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We already know that microplastics (bits that are less than 5 mm) are omnipresent in the ocean, but now scientists believe that previous estimates about how much plastic is in the ocean are actually way too low. Using very fine mesh nets, researchers surveyed the coasts of the U.S. and U.K. and were able to estimate that there could be at least twice as many microplastic particles in the ocean as previously thought. When the smaller particles they picked up in these survey trawls are added to global estimates of surface microplastics, it increases the range from between 5tn and 50tn particles to between 12tn-125tn particles, the scientists say.
Why This Matters: Microplastic is more abundant than the tiniest and one of the most abundant life forms in the ocean — zooplankton — if these estimates are correct. The smaller particles mean that they are similar in size to the food eaten by zooplankton, which are a key part of the marine food chain and important in regulating climate. As the authors say, “Microplastics are a prolific, persistent and pernicious contaminant, posing an environmental and economic risk to marine ecosystems across the globe.” We need to reduce our plastics load on the marine environment and soon.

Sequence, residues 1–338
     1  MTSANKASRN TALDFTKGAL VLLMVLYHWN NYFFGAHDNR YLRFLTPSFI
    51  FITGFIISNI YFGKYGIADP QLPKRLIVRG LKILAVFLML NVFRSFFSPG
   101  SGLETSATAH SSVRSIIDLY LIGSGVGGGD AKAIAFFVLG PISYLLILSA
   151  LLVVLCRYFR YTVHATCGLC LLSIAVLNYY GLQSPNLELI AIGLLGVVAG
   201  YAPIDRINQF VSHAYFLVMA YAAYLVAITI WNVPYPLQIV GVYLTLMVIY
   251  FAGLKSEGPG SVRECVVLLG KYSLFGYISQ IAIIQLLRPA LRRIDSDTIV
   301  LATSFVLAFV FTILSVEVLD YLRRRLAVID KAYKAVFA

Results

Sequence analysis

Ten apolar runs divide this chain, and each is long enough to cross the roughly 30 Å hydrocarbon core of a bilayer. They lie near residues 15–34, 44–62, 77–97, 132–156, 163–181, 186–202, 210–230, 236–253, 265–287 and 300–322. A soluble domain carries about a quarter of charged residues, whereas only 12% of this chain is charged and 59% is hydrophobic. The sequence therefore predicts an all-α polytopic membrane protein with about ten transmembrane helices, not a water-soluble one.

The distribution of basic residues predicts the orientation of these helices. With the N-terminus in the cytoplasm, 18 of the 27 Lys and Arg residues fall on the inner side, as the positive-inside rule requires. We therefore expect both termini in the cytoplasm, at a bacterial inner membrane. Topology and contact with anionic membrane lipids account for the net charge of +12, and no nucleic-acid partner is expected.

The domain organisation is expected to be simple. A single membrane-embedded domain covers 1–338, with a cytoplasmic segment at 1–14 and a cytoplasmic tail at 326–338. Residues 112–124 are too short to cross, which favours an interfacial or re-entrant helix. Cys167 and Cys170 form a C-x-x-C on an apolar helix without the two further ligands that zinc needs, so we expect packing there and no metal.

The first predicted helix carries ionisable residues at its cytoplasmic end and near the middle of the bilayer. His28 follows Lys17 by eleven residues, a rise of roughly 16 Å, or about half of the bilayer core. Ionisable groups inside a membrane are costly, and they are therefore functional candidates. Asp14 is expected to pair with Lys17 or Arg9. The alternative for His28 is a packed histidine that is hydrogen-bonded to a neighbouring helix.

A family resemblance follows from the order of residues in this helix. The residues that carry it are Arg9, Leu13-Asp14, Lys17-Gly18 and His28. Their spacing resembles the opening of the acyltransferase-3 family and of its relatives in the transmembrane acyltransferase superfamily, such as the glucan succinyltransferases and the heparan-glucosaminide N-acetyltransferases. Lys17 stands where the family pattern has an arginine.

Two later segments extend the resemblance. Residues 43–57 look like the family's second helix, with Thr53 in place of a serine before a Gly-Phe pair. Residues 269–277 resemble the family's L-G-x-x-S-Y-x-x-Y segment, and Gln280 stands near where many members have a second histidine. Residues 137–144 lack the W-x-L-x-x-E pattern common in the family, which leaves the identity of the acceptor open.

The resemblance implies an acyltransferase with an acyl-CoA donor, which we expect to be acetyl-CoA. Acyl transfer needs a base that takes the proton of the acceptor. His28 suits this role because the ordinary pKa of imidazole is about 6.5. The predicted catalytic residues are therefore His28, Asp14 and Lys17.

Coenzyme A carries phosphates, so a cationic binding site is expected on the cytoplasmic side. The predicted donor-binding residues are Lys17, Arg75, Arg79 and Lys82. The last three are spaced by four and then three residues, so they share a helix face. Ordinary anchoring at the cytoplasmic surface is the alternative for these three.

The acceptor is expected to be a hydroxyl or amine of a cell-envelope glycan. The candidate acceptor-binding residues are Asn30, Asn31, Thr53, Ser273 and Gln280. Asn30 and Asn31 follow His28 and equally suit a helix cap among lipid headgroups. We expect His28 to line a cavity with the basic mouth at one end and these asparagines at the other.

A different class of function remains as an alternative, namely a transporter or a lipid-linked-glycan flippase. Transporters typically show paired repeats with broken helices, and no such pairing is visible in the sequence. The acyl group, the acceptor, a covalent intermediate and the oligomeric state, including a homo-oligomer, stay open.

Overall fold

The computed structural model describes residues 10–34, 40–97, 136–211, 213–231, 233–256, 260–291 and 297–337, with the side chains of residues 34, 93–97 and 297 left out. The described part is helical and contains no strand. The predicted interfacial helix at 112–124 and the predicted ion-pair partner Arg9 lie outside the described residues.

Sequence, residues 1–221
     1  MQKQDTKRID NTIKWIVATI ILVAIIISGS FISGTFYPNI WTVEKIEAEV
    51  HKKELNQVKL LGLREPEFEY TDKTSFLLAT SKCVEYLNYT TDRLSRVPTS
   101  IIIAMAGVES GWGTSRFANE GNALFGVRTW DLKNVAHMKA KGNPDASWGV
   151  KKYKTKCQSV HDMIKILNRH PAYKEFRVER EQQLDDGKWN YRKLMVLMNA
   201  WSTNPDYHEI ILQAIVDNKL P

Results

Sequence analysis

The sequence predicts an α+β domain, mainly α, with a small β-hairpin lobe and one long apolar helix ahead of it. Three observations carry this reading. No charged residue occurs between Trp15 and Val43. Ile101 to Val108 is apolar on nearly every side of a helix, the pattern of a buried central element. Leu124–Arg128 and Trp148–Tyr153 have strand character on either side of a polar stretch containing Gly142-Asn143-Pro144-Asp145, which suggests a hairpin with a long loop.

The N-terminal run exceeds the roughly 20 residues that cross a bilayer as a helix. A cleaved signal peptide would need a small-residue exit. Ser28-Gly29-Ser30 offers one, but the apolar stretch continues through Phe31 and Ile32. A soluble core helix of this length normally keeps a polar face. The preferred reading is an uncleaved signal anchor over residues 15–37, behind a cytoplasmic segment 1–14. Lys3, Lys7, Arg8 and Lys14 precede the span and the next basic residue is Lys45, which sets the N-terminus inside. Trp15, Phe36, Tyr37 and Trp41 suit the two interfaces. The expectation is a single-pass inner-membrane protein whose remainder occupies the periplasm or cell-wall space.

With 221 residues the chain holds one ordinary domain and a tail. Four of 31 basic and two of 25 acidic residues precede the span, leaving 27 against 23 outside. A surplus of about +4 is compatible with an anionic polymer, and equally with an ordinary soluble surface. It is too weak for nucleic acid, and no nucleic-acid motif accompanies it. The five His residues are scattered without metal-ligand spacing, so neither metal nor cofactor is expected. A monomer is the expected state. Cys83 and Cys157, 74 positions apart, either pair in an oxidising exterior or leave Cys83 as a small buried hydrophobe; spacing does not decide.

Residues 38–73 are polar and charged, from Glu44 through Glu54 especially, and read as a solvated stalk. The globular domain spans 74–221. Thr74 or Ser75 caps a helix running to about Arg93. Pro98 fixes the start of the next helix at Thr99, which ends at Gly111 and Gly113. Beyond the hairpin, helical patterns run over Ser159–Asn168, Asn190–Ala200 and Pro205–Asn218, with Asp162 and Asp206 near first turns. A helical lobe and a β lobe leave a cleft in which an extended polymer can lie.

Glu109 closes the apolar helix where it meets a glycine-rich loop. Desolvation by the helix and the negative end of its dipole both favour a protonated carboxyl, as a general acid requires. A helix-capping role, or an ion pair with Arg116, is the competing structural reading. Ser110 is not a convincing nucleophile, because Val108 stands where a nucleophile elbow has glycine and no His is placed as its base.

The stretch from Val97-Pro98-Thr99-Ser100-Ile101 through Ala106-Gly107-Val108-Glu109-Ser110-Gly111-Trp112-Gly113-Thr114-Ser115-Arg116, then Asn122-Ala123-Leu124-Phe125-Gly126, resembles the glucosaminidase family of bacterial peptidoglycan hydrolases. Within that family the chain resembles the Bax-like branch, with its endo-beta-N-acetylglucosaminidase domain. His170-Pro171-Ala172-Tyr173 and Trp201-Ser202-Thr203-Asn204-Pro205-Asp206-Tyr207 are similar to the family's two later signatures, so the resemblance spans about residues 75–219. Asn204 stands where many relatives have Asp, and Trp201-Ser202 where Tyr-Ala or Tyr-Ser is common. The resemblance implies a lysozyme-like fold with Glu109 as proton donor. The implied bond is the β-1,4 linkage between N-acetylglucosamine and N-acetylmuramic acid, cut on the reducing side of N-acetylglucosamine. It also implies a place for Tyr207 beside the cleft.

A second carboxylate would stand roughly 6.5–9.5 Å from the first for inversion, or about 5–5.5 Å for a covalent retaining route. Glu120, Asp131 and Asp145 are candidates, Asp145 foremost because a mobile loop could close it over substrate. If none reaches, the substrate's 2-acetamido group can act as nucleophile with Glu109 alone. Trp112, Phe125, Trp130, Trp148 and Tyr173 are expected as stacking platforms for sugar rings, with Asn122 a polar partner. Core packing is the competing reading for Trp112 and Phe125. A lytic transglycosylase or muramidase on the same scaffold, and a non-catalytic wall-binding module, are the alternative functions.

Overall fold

Microplastics Found In Greater Abundance on the Seafloor Too
Recently, another group of scientists found that microplastics are also more abundant on the seafloor than had been believed. The plastic floating on the surface in the large ocean garbage patches is actually only 1% of the total plastic in the ocean. Where does the rest end up? On the seafloor. The researchshows that “powerful currents sweep these microplastics along the seafloor into large ‘drifts,’ which concentrate them in astounding quantities.” They found the highest levels of microplastics ever on the seafloor — they counted “1.9 million pieces of microplastic in a 5 cm-thick layer covering just one square meter.” Scientists believe that deep-sea currents push microplastics to the seabed like giant deepsea waves and deposit it in vast sediment drifts, thereby creating plastic “hotspots” on the seafloor and accumulating in the very same locations as biodiversity hotspots, where deep-sea life is abundant.
This week, we have featured this series of videos by the Environmental Defense Fund about the impacts climate change is having on the ocean as observed by the people who live and work there — fishermen and women. Their stories have been compelling and provided a sense of the ways that climate change is harming and shifting global fish stocks.
Why This Matters: On Tuesday, pursuant to President Biden’s climate executive order, NOAA announced: “an agency-wide effort to gather initial public input” on “how to make fisheries, including aquaculture, and protected resources more resilient to climate change.
It’s not just men in the fishing sector who are impacted by climate change, overfishing, and COVID-19 — women are too. Women like Alexia Jaurez of Sonora, Mexico, who is featured in this Environmental Defense Fund video, do the important work of monitoring the catch and the price, and most importantly determining how many more […]
By Ashira Morris, ODP Staff Writer Last summer, Florida created its first aquatic preserve in over 30 years. The Nature Coast Aquatic Preserve protects about 400,000 acres of seagrass just north of Tampa on Florida’s Gulf coast. These are part of the Gulf of Mexico’s largest seagrass bed and borders other existing preserves, creating a […]
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